Imagine you’re a skilled, ambitious IT professional living outside the UK and you want to maximise your earning potential and your exposure to the latest technology. You’re assessing where in the world is best for you to fulfil your goals.
What are the criteria you use to make a decision? Availability of jobs, clearly. Salary, of course. Culture, climate, tolerance of foreign-born workers, breadth and size of the local digital economy – all these will be factors.
On that basis, it’s pretty likely that you would include the UK on your shortlist – about 18% of our digital workforce did just that and work here now, according to trade body TechUK. Two-thirds of those workers come from outside the EU. This is an attractive destination for tech, which is just as well because historically, the UK is unable to generate enough of its own digital expertise to meet demand.
The new government wants this influx to continue. Its new post-Brexit immigration rules are, mostly, tech-friendly. There seems to be a genuine desire to place technology at the heart of the “global Britain” that our political leaders tell us so often about.
But despite all that positivity, if you’re that ambitious tech expert, would you choose the UK?
Uncertainty reigns over the future relationship with the EU – compounded by bellicose threats from ministers who seem to think that negotiating with your biggest trading partner is about bluff, macho behaviour and shouting rather than collaboration, discussion and mutual interest.
While the “points-based” immigration system coming in from 2021 wouldn’t necessarily hinder you, does it make you feel this is a country that welcomes foreign-born talent? Might you have made a mental note about the anti-immigration rhetoric of Leave campaigners? Would you read stories about foreign-born academics and the difficulties some have in getting the right to stay in the UK?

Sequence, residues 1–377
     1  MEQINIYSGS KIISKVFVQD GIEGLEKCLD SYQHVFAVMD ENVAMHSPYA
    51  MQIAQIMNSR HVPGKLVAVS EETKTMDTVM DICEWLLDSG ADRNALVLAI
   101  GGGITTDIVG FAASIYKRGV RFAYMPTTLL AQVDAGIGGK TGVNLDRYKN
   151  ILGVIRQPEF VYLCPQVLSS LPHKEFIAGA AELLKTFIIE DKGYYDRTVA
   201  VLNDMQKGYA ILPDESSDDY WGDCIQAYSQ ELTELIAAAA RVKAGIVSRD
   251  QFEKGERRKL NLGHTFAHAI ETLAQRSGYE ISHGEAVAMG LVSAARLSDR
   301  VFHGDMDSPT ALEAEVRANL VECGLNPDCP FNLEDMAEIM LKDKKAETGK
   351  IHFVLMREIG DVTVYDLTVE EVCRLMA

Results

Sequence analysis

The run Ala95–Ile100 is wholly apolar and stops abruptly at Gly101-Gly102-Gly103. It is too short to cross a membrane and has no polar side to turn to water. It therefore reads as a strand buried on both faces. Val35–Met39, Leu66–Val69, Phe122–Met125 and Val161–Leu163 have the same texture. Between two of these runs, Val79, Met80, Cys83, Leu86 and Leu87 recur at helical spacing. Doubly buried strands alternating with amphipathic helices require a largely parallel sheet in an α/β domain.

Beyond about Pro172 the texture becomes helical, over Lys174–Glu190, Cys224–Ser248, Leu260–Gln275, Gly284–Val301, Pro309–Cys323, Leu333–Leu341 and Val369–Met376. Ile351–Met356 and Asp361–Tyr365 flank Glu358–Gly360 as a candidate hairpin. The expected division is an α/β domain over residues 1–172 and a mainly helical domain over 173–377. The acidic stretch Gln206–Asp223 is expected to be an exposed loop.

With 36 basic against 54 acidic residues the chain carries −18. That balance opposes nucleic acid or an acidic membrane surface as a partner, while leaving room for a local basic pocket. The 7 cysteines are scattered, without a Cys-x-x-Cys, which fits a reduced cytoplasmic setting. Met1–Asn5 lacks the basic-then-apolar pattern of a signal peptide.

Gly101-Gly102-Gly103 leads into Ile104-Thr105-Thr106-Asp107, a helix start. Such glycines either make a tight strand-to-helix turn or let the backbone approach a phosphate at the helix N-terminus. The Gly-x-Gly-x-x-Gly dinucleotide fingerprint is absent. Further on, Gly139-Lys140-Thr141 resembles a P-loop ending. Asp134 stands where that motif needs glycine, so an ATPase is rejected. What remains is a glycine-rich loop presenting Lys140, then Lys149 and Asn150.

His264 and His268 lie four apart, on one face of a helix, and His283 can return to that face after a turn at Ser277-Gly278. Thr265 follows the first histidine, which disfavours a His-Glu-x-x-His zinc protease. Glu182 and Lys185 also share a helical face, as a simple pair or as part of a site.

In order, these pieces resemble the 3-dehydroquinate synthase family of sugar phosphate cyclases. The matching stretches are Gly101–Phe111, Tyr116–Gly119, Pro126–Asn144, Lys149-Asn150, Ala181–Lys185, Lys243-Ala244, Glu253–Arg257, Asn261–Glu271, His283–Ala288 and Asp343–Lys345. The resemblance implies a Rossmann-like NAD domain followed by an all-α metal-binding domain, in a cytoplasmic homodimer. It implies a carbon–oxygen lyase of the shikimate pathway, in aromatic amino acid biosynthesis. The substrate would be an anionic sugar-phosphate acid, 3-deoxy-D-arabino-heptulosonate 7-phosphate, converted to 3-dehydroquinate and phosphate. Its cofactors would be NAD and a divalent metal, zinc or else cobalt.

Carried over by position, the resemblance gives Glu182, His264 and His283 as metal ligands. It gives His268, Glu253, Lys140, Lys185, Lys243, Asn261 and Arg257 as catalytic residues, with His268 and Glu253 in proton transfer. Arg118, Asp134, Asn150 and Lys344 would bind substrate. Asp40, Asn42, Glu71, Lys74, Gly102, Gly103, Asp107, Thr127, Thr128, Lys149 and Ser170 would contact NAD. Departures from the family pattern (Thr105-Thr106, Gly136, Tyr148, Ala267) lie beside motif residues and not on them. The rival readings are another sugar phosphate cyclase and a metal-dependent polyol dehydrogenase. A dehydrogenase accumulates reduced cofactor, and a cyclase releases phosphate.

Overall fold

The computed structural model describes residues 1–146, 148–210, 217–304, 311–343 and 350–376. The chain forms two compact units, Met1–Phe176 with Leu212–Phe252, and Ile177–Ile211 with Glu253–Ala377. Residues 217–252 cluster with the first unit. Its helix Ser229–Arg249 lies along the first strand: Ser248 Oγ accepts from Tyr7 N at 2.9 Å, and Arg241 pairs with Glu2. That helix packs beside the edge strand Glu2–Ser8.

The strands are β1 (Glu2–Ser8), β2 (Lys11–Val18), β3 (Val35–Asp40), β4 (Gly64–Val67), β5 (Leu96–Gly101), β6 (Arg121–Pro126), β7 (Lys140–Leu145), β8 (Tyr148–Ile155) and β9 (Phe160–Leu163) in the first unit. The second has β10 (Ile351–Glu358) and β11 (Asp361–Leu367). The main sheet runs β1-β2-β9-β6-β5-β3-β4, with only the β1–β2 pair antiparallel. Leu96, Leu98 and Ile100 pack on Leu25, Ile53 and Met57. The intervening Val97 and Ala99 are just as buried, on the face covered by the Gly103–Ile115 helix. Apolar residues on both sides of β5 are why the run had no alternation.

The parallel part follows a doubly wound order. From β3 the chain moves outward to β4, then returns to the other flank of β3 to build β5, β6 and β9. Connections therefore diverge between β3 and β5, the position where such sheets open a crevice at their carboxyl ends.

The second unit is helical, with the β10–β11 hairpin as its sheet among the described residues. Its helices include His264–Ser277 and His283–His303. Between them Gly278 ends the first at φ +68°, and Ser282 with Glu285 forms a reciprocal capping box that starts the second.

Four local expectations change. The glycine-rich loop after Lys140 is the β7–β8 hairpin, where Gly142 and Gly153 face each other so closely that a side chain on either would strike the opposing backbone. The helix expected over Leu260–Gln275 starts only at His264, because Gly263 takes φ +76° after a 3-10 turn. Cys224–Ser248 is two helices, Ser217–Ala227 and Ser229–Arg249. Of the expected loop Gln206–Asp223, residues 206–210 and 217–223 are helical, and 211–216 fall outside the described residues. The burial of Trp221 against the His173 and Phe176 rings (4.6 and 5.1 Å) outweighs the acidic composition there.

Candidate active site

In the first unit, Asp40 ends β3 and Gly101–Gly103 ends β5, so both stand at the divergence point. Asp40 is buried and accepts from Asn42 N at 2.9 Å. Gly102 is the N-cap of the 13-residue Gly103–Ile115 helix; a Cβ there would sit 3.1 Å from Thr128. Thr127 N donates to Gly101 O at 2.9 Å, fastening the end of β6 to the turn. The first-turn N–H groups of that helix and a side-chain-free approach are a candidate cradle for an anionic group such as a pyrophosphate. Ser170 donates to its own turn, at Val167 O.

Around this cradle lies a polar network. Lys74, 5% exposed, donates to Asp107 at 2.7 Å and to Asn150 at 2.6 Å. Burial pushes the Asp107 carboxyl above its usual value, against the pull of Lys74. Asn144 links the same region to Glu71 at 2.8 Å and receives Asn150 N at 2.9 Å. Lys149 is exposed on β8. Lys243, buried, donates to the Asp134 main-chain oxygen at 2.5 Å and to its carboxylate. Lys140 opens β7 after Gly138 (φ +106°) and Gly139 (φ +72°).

Look at your burgeoning alternatives in Europe alone – Dublin, Paris, Berlin, the Nordic countries, the Netherlands, all of which are growing homes for tech talent. Further afield there’s Canada’s growing tech sector – already benefiting from Donald Trump’s policies as an alternative destination in North America. Maybe even Singapore.
Being an attractive country to work in isn’t only about visa programmes and the amount of money invested in startups. So much of that choice is about softer factors – often an intangible feeling that maybe this isn’t the right place for you. For many years, the UK felt right.
The government can say as often as it likes, that it is pro-technology and wants to attract the best in science, engineering and digital talent. But that may no longer be enough, and that is a major risk for our post-Brexit digital economy. Ask yourself, currently, would you?